How can we prioritize constituent voice and choice to transform foster care?

In child welfare, constituent voice and choice are achieved when birth parents, relative caregivers, foster parents, and youth in care or alumni of care provide ongoing and meaningful input and leadership that the system then utilizes for continuous improvement. This feedback and expertise, which are informed by the individuals’ knowledge of their needs and personal experience receiving services and navigating service systems, can be used to drive case plans, improve existing programs, determine what new supports and services may be necessary, and identify how to achieve positive outcomes and advance system change. 

How have other systems approached constituent voice and choice?

Other sectors have adopted a range of guiding principles for constituent involvement and leadership:

  • Education—Student voice and choice: Students have the power to decide what they want to study, who they want to work with, what outcomes they expect, and when, where, and how they do their work.
  • Business Sector—Human-centered design: Product developers engage potential consumers in the design process and nurture innovations and solutions that are co-created, inclusive, transparent, and non-hierarchical.
  • Youth Development and Community Organizing—Nothing about us, without us: Lasting change can occur only when solutions to social problems are born from equal partnership with and leadership from oppressed groups and impacted persons. Youth and communities know what is best for them and must be fully integrated into routine as well as system change processes to envision, develop, implement, evaluate, and improve any policies, programs, and services that may impact their lives.
  • Developmental Disabilities—Dignity of risk: Every person has the right to experience life fully and should not be protected or sheltered from the ups and downs of everyday experiences, including making mistakes. Self-determination and the right to take reasonable risks are essential for personal dignity and self-esteem.
  • Psychotherapy—Unconditional positive regard: Individuals needing help have the agency to choose how to best respond to their own situations. No matter how dangerous, disordered, or dysfunctional individuals may appear in a given moment, they are doing the best they can.
  • Recovery—No wrong door for genuine, free, and independent choice: Those suffering from a substance use disorder are able to get the help they need when they need it. There is no right way or right time to seek and receive help overcoming substance use disorders, and all individuals have the right to choose the services they need for their recovery support from a range of available and accessible providers.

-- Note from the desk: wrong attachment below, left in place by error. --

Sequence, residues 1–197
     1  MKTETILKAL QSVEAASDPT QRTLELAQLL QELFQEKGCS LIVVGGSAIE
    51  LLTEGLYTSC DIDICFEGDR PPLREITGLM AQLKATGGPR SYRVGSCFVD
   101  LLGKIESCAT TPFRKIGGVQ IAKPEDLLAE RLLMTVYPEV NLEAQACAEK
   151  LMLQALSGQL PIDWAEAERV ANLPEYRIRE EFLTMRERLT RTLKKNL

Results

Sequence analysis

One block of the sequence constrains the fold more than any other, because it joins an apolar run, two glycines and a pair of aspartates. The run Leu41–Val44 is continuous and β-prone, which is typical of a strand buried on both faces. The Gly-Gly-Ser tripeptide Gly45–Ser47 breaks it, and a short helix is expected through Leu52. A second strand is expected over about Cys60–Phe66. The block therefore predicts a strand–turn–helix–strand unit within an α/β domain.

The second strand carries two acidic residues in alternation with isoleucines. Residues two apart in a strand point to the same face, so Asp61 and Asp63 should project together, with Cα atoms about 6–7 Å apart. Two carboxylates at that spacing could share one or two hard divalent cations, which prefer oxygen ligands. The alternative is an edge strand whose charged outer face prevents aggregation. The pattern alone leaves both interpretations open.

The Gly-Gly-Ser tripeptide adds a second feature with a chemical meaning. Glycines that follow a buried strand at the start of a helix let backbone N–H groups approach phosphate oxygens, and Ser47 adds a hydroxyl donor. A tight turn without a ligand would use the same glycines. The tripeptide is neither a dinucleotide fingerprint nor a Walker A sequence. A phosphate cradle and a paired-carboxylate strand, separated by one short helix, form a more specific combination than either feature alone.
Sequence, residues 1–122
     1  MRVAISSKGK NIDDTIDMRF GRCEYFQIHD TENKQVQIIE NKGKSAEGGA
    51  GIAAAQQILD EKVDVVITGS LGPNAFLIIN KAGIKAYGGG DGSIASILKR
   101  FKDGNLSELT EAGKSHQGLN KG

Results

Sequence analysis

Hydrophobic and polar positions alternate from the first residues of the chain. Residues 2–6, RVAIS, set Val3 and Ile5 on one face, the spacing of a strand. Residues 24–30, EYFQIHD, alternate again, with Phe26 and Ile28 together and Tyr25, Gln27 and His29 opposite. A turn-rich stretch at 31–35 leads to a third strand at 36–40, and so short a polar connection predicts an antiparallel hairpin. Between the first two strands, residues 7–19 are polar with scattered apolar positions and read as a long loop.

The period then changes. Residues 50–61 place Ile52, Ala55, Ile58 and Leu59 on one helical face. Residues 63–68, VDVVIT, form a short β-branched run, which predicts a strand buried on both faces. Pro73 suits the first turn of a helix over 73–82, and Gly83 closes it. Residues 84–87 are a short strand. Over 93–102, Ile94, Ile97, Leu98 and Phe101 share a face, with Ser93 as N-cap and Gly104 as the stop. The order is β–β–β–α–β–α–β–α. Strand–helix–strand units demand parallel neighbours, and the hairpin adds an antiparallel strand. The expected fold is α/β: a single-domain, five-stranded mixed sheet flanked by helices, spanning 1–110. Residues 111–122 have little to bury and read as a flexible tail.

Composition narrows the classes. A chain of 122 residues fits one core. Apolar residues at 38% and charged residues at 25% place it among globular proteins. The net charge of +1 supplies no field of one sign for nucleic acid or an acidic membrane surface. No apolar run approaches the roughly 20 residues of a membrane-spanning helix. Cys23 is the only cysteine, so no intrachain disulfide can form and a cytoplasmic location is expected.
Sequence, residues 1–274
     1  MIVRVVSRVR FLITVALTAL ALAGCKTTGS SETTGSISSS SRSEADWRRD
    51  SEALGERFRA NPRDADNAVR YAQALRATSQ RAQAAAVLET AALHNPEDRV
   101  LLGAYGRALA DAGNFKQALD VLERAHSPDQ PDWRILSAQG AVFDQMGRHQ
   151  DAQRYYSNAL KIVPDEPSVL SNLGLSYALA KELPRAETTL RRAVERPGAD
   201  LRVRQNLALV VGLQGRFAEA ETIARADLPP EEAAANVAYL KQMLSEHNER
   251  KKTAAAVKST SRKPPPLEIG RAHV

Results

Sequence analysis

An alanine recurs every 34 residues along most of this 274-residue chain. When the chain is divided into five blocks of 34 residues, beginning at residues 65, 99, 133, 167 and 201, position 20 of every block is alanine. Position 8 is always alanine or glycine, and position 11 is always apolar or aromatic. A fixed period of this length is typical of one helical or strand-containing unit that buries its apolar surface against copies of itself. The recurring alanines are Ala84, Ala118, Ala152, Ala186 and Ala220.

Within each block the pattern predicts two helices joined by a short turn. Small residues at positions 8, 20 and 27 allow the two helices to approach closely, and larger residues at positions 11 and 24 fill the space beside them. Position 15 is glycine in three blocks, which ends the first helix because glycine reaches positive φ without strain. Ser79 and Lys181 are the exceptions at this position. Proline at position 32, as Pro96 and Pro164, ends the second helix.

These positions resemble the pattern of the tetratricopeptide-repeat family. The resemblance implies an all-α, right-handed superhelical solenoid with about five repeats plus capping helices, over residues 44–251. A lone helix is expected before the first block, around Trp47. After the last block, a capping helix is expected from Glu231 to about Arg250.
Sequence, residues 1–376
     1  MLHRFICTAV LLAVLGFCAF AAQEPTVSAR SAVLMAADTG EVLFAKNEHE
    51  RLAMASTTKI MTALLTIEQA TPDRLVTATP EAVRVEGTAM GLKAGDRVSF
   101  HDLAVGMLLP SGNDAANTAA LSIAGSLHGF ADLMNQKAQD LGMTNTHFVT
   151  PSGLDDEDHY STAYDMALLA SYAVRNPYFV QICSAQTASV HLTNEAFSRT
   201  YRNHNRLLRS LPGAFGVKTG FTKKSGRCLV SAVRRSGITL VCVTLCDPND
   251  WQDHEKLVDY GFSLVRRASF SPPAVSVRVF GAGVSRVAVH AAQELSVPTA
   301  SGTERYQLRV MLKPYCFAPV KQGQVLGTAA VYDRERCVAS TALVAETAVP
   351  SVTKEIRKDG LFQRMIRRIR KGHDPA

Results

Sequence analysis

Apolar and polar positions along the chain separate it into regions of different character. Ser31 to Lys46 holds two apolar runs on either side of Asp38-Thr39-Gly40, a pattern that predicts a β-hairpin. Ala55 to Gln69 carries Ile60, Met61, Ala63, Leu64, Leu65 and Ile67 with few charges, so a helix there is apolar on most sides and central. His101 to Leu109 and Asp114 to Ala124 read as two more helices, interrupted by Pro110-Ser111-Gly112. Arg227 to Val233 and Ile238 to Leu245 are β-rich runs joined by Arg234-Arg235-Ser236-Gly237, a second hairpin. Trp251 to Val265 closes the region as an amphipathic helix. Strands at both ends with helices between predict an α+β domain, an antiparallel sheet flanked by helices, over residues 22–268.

• Behavioral Health—Person-centered care: Consumers have control over the services they receive, including the amount, duration, and scope of services, as well as choice of providers.

The National Alliance of Children’s Trust & Prevention Funds’ Birth Parent National Network, with free membership to all birth parents, provides opportunities for parents and organizations to collaborate together to promote the voices of birth parents in child welfare policy and practice.

What are examples of constituent voice and choice in child welfare systems?

There are many ways to engage constituents and design systems that are driven by their input and expertise:

1. Systems-level involvement includes developing specific leadership and decision-making roles for youth, birth parents, relative caregivers, and foster parents, including on advisory councils and decision-making boards, in advocacy positions, and as consultants and staff. In this approach, constituent voice and lived experience are foundational in developing trainings, policies, procedures, and practices, and constituent feedback is a key strategy for assessing the effectiveness of casework activities and the usefulness of programs and services. Examples include:

  • Oregon’s parent partnership to train agency staff and stakeholders on the best ways to engage and work with families to promote child and family well-being.1
  • State and county youth advisory boards to inform the policies and practices developed for youth in care and those transitioning out of care.
  • Child Welfare Organizing Project, which brings the voices and experiences of parents to New York City’s child welfare system and related legislation.
  • Rise, based in NYC, builds parent leadership to drive child welfare solutions that parents believe will help their families thrive. Rise’s parent-written magazine provides information and peer support to parents facing the child welfare system.
  • The Strengthening Families framework, which includes a partnership guide, training, parent partnership toolkit, and parent/community cafes.
  • Texas’ Statewide Parent Collaboration Group, a partnership between the Department of Family and Protective Services and parents who have been involved with child protective services to gather and incorporate parental feedback to enhance CPS policy and practice.